29 Jun 2015

Court told Fonterra knew of dumping risks

8:56 pm on 29 June 2015

A court has heard that Fonterra knew full well the risks of dumping millions of litres of buttermilk waste at Eltham in 2013 and had other options to dispose of it.

Fonterra milk truck.

Fonterra has been charged with discharging odorous compounds in Eltham. Photo: RNZ

The dairy company is being tried in the New Plymouth District Court over the stench caused by discharging three million litres of buttermilk waste and 150,000 litres of milk contaminated with oil waste at the South Taranaki District Council's Eltham wastewater plant in October 2013.

The foul smell plagued the town for months and many residents have complained of its detrimental effects to their health.

The Taranaki Regional Council has laid a representative charge under the Resource Management Act covering the odour during the period 6 March to 16 May last year.

The regional council's director of environmental quality, Gary Bedford, said in evidence that Fonterra was aware that the covered treatment pond at Eltham did not work and had been decommissioned.

Mr Bedford also said the dairy company had a mechanism in its consents, which would have allowed the company to discharge the buttermilk from the outfall at its Whareroa plant at Hawera.

This was designed in part for "superflush" years when production was high and there was an excess of buttermilk waste, he said.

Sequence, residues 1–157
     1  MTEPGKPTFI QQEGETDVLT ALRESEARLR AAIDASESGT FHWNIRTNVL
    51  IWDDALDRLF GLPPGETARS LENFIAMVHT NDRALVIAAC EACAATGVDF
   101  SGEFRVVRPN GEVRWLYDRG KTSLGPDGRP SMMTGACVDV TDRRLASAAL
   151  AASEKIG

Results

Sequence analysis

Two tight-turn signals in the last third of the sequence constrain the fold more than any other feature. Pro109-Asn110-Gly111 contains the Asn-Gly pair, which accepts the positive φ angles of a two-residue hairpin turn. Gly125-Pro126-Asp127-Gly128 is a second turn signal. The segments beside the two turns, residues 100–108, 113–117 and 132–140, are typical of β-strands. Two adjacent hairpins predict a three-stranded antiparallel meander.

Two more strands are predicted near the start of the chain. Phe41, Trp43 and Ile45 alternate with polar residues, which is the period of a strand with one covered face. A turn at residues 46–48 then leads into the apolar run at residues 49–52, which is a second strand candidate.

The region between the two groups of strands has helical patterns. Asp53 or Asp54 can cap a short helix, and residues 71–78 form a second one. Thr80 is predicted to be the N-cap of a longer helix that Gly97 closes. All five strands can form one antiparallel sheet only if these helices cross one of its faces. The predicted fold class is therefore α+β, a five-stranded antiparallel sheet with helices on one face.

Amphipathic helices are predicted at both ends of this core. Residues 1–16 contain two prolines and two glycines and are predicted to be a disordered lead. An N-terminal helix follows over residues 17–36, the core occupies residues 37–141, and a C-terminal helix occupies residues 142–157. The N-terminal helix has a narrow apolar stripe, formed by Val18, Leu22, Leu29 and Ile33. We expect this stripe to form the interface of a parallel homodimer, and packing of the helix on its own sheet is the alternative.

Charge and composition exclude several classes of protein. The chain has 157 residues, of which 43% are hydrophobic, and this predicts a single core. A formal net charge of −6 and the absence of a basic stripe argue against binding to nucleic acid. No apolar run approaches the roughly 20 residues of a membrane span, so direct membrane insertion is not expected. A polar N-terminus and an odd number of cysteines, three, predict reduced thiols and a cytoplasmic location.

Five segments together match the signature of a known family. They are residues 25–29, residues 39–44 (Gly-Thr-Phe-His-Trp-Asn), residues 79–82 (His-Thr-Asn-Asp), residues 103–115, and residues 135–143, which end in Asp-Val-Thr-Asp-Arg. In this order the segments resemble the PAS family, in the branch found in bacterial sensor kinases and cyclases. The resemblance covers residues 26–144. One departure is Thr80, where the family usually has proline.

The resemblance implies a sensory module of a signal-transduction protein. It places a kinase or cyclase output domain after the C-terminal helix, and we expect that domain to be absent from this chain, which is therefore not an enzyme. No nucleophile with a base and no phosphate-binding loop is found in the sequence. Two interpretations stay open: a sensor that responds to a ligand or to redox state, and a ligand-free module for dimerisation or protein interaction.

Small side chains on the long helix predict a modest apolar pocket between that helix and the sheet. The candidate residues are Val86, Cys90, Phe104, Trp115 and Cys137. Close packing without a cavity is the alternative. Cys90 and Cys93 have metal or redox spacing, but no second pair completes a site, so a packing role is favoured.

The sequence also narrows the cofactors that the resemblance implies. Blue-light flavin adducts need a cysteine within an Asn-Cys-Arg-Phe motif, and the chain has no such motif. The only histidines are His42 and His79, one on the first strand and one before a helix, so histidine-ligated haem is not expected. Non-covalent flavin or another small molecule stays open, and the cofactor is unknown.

Earlier the court heard evidence from the South Taranaki District Council's operations and projects manager at the time of the incident, Vivian Eyberg.

He described how he was approached by Fonterra which was trying to get rid of a so-called buttermilk "superflush" caused by unusually high milk production in the spring of 2013.

Mr Eyberg said Fonterra told him it was desperate to find a solution for its buttermilk problem and had no other option for disposing it.

He took advice from consultants that led him to believe that the covered treatment pond at the Eltham wastewater plant could cope with the buttermilk and advised the council to accept the waste.

Mr Eyberg said he was simply trying to help Fonterra out of a difficult position.

The regional council's lawyer, Karenza de Silva, said Fonterra was trying to put the all of the blame for the rotting buttermilk stink on the South Taranaki District Council, when it had more expertise in the area.

Ms de Silva said Fonterra was the source and the dumper of the buttermilk and had a responsibility to make sure the district council could deal with the waste.

The South Taranaki District Council has admitted its role in the buttermilk debacle and was fined $115,000 in September last year.

Fonterra is yet to give evidence at the trial but, in the statement of agreed facts, its points of contention were:

  • Fonterra says that the buttermilk "superflush" was unexpected and it had no other options for disposing of it.
  • The dairy company argues that the statutory responsibility for the buttermilk and any stench caused by it lay with the South Taranaki District Council once it had accepted the waste product.

The trial before judge Brian Dwyer is set down for three more days.

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